Four hundred years ago, four surviving adult Mayflower women (Eleanor Billington, Elizabeth Hopkins, Mary Brewster, and Susanna White) set themselves to the task of preparing a feast to celebrate a successful first harvest in their new homeland.
The previous year, 101-104 men, women, and children sailed for 66 days on the Mayflower from England – first anchoring off Cape Cod and then choosing Plymouth as the site of their first settlement. Of those Mayflower passengers, 41 men signed the Mayflower Compact. Nine of the 41 are our ancestors. Of our nine Mayflower ancestors, five were separatist Pilgrims, one was a non-separatist, two were servants, and one was a Mayflower crew member. About half the passengers, some who were Compact signatories, died during that first winter 1620-1621.
Those that survived built houses and common buildings, planted corn and probably other vegetables, foraged berries and nuts, fished for bass and cod, and hunted turkey and deer. It must have been a busy first spring-summer-fall. Celebrating Thanksgiving wasn’t a new holiday, nor was it specific to early Plymouth. Colonists in Virginia had celebrated thanks as early as 1607. However, the 1621 Plymouth Thanksgiving was the first time the feast was celebrated as a civil holiday rather than one sanctioned by the Church.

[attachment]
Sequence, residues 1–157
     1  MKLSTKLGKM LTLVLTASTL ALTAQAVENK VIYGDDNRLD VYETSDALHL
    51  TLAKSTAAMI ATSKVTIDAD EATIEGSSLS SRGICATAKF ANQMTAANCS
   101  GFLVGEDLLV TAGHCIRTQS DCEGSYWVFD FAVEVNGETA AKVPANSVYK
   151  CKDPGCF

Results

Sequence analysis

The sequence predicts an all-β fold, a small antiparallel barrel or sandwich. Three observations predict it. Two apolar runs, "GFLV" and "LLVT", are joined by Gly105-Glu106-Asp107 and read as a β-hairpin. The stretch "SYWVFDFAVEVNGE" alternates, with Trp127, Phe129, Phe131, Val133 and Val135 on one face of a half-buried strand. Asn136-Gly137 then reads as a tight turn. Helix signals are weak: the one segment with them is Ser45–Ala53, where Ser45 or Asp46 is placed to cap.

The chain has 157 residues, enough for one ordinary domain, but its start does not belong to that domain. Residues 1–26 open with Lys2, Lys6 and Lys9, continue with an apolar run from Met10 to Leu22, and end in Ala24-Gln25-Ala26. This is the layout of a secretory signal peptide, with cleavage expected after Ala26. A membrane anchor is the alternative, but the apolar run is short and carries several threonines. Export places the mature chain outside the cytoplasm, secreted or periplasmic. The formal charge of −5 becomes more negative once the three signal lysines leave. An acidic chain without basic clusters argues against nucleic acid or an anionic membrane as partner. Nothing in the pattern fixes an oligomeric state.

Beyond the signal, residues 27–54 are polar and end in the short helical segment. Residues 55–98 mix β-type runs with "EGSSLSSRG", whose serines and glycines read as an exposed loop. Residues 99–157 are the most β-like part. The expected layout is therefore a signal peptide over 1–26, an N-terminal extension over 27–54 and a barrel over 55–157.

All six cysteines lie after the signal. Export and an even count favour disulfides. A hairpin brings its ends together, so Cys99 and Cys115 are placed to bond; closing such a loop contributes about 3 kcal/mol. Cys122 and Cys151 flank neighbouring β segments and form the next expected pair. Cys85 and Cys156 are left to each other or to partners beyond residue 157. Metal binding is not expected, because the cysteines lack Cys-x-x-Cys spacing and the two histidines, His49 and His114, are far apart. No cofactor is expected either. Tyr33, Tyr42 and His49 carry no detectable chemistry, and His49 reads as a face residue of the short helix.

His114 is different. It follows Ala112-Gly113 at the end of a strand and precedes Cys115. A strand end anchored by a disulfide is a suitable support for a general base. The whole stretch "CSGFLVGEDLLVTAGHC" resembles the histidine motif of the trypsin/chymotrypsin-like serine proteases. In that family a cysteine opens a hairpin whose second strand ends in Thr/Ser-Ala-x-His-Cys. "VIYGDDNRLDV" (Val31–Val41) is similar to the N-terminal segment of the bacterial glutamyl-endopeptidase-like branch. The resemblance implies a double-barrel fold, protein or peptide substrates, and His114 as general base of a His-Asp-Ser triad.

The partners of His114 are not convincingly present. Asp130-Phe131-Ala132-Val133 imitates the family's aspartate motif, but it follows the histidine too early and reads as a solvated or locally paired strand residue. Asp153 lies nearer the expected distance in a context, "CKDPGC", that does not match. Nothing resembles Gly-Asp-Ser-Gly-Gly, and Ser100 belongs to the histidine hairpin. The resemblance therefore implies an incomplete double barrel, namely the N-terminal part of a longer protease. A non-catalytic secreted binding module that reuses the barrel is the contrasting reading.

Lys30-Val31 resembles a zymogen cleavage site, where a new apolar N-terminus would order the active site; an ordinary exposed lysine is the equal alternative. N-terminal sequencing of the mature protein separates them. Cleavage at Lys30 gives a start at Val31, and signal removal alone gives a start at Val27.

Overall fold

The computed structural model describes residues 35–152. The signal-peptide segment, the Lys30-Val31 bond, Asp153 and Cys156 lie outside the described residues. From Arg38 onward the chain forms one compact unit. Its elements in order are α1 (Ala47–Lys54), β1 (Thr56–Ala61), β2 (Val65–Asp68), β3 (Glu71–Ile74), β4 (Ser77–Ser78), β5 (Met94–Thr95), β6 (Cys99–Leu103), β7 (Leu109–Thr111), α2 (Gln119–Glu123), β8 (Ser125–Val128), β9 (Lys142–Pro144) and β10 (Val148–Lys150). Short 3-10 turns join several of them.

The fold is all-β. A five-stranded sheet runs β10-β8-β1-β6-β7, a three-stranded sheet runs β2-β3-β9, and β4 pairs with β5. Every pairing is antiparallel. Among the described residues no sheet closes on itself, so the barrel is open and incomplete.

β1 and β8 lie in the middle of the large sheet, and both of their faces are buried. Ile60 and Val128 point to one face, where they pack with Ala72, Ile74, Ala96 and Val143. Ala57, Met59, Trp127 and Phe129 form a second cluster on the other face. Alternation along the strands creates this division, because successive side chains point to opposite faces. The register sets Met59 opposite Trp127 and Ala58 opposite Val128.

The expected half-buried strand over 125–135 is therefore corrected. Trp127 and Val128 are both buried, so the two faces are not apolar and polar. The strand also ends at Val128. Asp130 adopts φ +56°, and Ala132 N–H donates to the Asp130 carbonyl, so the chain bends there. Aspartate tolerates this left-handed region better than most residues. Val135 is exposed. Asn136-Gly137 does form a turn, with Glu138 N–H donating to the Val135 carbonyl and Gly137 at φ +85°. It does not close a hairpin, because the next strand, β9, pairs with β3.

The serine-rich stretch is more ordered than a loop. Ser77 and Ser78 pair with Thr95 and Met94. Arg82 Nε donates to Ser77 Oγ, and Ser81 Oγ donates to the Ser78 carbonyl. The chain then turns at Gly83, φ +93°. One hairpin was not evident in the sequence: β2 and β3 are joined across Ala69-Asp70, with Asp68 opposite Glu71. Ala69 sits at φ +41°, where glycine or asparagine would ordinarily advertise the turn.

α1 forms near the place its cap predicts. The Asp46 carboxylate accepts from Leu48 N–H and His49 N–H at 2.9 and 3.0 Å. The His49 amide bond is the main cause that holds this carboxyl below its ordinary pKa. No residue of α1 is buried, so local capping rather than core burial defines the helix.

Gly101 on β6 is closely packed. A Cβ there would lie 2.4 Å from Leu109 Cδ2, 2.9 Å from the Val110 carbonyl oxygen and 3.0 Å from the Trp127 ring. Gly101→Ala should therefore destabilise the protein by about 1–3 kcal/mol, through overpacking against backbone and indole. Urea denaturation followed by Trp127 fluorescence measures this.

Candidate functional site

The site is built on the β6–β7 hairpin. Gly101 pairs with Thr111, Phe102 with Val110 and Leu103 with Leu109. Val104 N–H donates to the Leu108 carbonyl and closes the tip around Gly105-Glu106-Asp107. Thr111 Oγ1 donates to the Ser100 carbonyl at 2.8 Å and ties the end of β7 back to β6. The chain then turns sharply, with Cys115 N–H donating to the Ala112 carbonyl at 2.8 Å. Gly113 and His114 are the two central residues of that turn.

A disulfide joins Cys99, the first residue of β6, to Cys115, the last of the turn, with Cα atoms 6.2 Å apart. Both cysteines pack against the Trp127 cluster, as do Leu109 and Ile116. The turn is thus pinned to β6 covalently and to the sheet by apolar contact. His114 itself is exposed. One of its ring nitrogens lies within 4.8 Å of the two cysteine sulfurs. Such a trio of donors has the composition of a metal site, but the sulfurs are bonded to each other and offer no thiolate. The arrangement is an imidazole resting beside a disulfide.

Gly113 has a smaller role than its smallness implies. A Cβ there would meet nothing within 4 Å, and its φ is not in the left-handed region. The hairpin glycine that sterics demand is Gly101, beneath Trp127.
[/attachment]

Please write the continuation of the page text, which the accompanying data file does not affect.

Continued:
Here are our nine Mayflower ancestors as I understand them right now – research may add more!
George Soule (1593-1680) was a servant.
James Chilton (1556-1620) was a separatist Pilgrim.
John Alden (1599-1687) was a cooper who signed on as Mayflower crew.
William Mullins (1578-1621) was a non-separatist.
Thomas Rogers (1571-1621) was a separatist Pilgrim.
William Bradford (1590-1657) was a separatist Pilgrim and early governor of Plymouth.
John Howland (1591-1672) was a servant.
John Tilly (1571-1621) was a separatist Pilgrim.
John Goodman (1587-1621) was a separatist Pilgrim.